From the Mecklenburg County, Virginia, WB 8, p. 9 Will of John VAUGHAN 9/23/1813 Proved:10/18/1813. Witnessed by: John Butler, Hardy Jones, Ann Overby, Elizabeth Butler, Charles Carter, Benjamin Carter
This Charles Carter seems likely to be the same as the Charles Carter married to Mary Mays/Mayes (see previous post).
This Benjamin Carter may be the same Benjamin Carter who was named as a witness to the will of Green Ligon in 1802 in Nottoway. Also named as a witness is Presley Jeter, the husband of Phoebe Carter, whom he married in Amelia in 1783, indicating that Benjamin carter and Presley Jeter may be brothers-in-law. With Charles and Benjamin showing up on the same document, it seems liekly that there is a connection here too. (This is probably the same Benjamin Carter, whose daughter married Chappell Chandler in Mecklenburg Co., VA in 1817 and later dies in Caswell, NC in 1831.)
John Vaughan, whose will both Charles and Benjamin Carter witness (above), is the son of William T. Vaughan. His stepmother was Mildrigde Vaughan, who makes her will in Mecklenburg Co., VA in 1789. Her will is witnessed by a Joseph Carter and David Chandler. I do not know who this Joseph Carter is. (David Chandler, born c.1760, is the son-in-law of William T. Vaughan and the first cousin of Robert Chandler, born 1773; Robert is the father of Chappell Chandler who marries Mary Carter, the daughter of Benjamin Carter, in 1817 in Mecklenburg.)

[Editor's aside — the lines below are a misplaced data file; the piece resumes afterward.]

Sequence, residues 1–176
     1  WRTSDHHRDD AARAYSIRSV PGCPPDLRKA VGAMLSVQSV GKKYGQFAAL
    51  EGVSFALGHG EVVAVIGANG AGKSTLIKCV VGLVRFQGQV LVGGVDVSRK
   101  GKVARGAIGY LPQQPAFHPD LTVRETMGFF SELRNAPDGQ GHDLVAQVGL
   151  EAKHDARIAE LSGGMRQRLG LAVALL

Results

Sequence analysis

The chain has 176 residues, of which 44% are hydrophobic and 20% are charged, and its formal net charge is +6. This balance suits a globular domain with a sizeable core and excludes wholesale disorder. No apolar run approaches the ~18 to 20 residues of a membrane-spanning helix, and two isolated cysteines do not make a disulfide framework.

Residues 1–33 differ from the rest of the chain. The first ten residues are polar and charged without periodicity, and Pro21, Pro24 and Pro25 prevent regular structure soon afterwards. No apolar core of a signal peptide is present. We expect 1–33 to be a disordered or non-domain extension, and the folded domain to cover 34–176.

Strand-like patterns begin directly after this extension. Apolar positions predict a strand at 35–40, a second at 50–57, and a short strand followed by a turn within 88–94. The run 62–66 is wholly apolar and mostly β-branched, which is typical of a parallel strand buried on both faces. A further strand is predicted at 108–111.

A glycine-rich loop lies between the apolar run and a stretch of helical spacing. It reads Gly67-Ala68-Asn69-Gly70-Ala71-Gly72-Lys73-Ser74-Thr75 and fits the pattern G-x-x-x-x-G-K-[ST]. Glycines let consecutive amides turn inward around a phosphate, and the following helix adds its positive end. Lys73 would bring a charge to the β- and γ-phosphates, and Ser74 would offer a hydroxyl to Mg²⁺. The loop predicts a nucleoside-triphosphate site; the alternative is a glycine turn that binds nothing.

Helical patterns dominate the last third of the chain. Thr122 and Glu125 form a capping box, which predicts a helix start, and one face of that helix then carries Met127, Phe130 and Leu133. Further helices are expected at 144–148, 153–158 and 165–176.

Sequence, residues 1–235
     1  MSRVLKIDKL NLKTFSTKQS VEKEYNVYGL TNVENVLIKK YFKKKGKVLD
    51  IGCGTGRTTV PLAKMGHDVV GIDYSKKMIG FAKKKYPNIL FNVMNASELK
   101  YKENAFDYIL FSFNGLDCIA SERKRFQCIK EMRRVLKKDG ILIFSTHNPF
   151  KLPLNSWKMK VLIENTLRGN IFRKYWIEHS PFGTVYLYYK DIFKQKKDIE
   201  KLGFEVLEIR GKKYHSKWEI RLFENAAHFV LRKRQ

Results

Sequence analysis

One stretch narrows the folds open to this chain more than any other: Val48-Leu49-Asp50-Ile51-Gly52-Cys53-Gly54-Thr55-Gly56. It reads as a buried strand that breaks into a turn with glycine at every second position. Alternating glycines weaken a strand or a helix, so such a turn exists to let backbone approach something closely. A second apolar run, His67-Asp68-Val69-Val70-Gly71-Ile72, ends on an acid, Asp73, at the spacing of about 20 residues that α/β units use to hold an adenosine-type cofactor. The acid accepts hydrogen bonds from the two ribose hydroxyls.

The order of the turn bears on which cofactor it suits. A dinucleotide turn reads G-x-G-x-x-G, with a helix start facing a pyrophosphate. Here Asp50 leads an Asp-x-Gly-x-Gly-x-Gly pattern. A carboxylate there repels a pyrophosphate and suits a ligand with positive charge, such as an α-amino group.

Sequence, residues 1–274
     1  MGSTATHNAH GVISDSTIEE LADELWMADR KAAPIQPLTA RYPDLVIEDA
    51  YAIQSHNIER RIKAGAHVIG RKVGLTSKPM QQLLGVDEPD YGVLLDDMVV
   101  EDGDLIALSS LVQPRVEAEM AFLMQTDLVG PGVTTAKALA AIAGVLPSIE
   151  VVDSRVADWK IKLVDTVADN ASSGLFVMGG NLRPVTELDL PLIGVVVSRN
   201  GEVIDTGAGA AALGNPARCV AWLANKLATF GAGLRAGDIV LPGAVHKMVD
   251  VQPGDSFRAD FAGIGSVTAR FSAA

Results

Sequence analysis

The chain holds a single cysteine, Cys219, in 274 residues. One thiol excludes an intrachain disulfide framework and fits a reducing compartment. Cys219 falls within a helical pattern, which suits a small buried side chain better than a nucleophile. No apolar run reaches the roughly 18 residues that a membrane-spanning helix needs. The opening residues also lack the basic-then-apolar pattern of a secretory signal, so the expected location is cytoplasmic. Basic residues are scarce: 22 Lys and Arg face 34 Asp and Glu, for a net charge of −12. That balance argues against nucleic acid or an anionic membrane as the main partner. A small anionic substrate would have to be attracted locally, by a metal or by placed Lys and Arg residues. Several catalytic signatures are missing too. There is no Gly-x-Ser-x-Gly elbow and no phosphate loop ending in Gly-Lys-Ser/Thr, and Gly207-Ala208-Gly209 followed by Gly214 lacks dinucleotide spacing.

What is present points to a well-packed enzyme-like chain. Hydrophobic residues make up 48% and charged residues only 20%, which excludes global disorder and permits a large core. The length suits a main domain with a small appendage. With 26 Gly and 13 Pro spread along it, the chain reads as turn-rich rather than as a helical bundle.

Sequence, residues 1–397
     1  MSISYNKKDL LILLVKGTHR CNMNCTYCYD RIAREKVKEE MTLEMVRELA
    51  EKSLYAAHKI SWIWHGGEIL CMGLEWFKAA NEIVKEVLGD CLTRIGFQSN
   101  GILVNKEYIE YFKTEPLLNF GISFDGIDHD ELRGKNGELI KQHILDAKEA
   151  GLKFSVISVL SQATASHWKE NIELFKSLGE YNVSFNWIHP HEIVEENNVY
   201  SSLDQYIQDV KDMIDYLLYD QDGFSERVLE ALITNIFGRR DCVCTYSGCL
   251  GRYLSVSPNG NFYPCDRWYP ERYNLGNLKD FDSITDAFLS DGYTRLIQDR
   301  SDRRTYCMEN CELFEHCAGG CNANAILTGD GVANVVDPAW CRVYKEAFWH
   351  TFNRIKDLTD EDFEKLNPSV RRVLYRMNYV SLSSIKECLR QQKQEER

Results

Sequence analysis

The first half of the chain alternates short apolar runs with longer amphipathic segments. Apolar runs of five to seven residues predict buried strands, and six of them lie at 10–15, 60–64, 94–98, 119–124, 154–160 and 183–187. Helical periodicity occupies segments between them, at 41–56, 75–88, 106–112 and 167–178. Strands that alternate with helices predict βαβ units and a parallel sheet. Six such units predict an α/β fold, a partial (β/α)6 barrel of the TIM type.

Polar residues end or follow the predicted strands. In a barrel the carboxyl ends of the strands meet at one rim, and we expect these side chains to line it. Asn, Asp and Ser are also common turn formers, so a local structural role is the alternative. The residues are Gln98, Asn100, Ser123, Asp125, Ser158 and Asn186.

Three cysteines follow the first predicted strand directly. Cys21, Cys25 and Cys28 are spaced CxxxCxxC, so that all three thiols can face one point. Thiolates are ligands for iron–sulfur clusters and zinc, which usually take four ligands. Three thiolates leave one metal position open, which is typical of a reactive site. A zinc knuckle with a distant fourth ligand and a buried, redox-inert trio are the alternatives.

William T. Vaughan (c.1705 - 1785) is the son of Samuel Vaughan. Samuel Vaughan is the brother of Nicholas Vaughan (c.1685 in Charles City - 1738 in Amelia County, Virginia). Nicholas Vaughan is the grandfather of James Vaughan of Amelia (d.1803, see previous post).
Looking to make the case that: Charles Carter, b.1762 in Dinwiddie, later of Mecklenburg Benjamin Carter, witness in Nottoway and Mecklenburg, dies in Caswell, NC Phoebe Carter, married Presley Jeter in Amelia in 1783, dies in Lunenburg in 1819 under the name Hatchett are all related, possibly brothers and sister.
Not sure how Joseph Carter, witness in Mecklenburg in 1789, fits in yet.